Ring, I have seen both Kevin Costner's (editing now: that is Robin Wiliams, and the movie is Hook. I saw Kevin Costner's Robin Hood) version and Disney's Peter Pan, I liked them. Disney's Peter Pan had a sequal, Return to Never Never Land which went straight to video and the only reason I know about it is from being with kids all the time. My fav Disney cartoon happens to be Robin Hood though. I LOVE what Disney did with the characters of Mr. Smee (Capt Hook's first mate) and with Prince John and Sir Hiss. Disney has a real gift for imagining what animal would equate to a certain person's character. Did you ever notice that in Robin Hood, Prince John does NOT have a mane? He is drawn as a female. I wonder what that means...hahaha.

Oh yeah, and I love the way Disney draws the celebrities features into their animated characters. Perfect example is how you can tell the three hyenas apart in Lion King. I can tell which one is Whoopi Goldberg at any rate, can't you?

[Edited on 12/3/2003 by musicimprovedme]
As folklore and mythology happen to be long-standing hobbies of mine I found this thread interesting. Wink Smilie Thanks for the link Music, I bookmarked it too!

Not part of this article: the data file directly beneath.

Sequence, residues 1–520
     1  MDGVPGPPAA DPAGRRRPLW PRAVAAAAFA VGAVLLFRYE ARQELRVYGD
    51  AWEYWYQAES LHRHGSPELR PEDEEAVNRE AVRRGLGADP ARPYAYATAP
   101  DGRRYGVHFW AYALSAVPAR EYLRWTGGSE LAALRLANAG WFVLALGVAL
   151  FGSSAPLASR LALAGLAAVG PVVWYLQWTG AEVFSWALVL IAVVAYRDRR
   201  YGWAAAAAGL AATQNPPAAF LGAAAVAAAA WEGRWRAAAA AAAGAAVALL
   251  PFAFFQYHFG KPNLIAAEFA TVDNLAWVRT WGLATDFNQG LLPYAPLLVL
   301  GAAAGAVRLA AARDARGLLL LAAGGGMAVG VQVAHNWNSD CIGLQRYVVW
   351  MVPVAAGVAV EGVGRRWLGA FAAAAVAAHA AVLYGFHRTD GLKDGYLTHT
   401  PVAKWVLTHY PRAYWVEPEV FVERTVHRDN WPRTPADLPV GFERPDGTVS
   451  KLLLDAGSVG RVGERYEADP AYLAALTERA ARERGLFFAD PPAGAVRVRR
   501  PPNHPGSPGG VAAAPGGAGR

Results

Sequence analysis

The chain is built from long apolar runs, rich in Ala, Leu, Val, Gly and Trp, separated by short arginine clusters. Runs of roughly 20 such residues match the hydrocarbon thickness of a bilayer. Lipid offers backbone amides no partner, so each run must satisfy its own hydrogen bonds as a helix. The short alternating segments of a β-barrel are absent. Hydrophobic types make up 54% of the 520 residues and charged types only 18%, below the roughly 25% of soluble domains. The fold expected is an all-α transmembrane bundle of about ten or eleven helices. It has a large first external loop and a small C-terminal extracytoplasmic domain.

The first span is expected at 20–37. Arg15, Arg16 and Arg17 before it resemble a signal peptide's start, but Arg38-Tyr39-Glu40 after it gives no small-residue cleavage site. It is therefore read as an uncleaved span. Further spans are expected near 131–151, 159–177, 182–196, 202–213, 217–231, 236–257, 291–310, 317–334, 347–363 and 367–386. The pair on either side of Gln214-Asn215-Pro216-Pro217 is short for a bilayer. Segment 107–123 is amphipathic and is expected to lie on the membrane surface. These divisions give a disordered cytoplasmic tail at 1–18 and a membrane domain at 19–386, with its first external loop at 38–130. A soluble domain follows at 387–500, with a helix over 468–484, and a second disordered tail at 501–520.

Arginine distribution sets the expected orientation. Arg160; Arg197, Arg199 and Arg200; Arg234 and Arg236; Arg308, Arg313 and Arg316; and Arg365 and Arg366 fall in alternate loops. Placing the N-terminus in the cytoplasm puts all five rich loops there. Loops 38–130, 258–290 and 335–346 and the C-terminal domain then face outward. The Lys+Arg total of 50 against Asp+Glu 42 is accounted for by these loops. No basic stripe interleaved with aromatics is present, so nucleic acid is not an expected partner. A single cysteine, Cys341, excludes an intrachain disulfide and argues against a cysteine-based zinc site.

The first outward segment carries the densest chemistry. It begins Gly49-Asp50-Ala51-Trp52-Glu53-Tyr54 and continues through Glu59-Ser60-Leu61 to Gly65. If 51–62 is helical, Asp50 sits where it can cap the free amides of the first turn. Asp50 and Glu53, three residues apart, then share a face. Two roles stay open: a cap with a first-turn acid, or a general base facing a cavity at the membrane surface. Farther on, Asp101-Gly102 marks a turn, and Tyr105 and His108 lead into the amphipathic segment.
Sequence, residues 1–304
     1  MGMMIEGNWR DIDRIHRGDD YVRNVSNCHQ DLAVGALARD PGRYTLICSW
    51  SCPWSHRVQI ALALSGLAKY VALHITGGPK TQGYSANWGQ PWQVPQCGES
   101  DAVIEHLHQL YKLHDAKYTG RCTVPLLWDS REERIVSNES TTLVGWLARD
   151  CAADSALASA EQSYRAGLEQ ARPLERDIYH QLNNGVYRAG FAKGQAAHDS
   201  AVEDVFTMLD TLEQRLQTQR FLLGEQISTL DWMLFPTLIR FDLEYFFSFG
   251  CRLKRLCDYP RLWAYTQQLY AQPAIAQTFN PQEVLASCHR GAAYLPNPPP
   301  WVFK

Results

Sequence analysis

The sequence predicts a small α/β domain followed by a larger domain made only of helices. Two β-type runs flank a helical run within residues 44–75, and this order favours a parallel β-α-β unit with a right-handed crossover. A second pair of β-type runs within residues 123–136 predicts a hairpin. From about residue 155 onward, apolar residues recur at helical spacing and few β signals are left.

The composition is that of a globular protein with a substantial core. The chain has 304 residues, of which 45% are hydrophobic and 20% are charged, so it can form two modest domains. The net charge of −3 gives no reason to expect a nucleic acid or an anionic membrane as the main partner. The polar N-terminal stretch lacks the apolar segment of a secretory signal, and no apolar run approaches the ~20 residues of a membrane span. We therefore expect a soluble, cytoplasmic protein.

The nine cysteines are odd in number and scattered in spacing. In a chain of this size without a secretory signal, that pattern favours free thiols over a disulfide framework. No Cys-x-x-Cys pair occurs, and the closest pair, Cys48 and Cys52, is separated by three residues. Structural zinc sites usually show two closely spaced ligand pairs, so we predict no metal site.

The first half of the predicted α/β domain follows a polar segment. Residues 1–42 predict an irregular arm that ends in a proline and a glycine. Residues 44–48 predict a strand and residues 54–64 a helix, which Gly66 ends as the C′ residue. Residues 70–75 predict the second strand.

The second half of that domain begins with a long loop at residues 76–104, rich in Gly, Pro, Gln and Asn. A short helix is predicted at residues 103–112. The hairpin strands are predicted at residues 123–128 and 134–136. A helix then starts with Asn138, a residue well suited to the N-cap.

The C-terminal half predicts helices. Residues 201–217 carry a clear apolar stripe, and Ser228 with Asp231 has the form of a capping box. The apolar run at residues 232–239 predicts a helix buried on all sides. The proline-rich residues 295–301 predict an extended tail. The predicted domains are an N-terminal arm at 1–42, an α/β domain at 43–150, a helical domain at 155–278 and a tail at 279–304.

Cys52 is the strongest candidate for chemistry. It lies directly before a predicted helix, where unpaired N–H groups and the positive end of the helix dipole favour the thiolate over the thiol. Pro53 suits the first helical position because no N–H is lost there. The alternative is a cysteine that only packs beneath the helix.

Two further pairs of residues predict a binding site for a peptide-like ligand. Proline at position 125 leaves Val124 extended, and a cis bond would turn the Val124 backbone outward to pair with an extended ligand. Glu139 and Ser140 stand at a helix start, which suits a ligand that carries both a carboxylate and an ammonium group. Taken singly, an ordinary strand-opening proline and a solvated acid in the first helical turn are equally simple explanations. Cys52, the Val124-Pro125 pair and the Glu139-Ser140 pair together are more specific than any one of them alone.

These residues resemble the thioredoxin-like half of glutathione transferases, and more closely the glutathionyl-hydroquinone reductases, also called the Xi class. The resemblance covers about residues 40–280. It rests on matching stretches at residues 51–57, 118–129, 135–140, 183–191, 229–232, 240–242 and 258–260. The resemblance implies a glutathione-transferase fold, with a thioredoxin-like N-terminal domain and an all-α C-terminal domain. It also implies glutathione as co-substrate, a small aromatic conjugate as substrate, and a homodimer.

Good arguements for and against Disney. I do not like what they did to the tales themselves, but I suppose considering their audience you really can't blame them. It is just another cycle in storytelling.
The main similarity I see between Tolkien's characters and other fairy tales is in the Hobbit. The Elves in Mirkwood, for one thing, are very much as you would expect Elves to be except that they aren't tiny. Their arrival is also announced with the blowing of horns, the association of Elves carrying horns is present in many poems about them. Gandalf's role as the Wizard in the Hobbit is also found in other tales. The dwarves and Smaug are also rather traditional. This is because when Tolkien wrote the Hobbit, he was thinking in a more traditional pattern. In LotR he was able to draw more on his mythology, which was quite untraditional (in everything except the concept of dwarves I think). So the goals and characteristics of the races changed quite a bit from the Hobbit to LotR and further to UT and the Sil. In my opinion, this change was a loss of traditional fairy tale elements.